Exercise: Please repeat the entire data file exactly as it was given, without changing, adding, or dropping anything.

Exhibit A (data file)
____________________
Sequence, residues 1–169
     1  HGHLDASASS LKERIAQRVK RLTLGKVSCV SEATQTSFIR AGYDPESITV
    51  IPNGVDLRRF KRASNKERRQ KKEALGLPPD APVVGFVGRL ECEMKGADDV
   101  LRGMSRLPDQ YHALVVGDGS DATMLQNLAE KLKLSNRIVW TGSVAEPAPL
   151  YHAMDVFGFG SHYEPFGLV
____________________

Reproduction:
Sequence, residues 1–169
     1  HGHLDASASS LKERIAQRVK RLTLGKVSCV SEATQTSFIR AGYDPESITV
    51  IPNGVDLRRF KRASNKERRQ KKEALGLPPD APVVGFVGRL ECEMKGADDV
   101  LRGMSRLPDQ YHALVVGDGS DATMLQNLAE KLKLSNRIVW TGSVAEPAPL
   151  YHAMDVFGFG SHYEPFGLV